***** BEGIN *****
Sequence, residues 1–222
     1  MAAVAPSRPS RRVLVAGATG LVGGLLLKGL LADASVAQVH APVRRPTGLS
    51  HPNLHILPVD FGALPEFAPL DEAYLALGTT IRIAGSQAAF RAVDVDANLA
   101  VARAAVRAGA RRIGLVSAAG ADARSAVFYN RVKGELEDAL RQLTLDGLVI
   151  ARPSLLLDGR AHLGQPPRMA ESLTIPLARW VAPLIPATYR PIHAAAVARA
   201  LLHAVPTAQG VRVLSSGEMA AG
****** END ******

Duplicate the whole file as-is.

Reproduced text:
Sequence, residues 1–222
     1  MAAVAPSRPS RRVLVAGATG LVGGLLLKGL LADASVAQVH APVRRPTGLS
    51  HPNLHILPVD FGALPEFAPL DEAYLALGTT IRIAGSQAAF RAVDVDANLA
   101  VARAAVRAGA RRIGLVSAAG ADARSAVFYN RVKGELEDAL RQLTLDGLVI
   151  ARPSLLLDGR AHLGQPPRMA ESLTIPLARW VAPLIPATYR PIHAAAVARA
   201  LLHAVPTAQG VRVLSSGEMA AG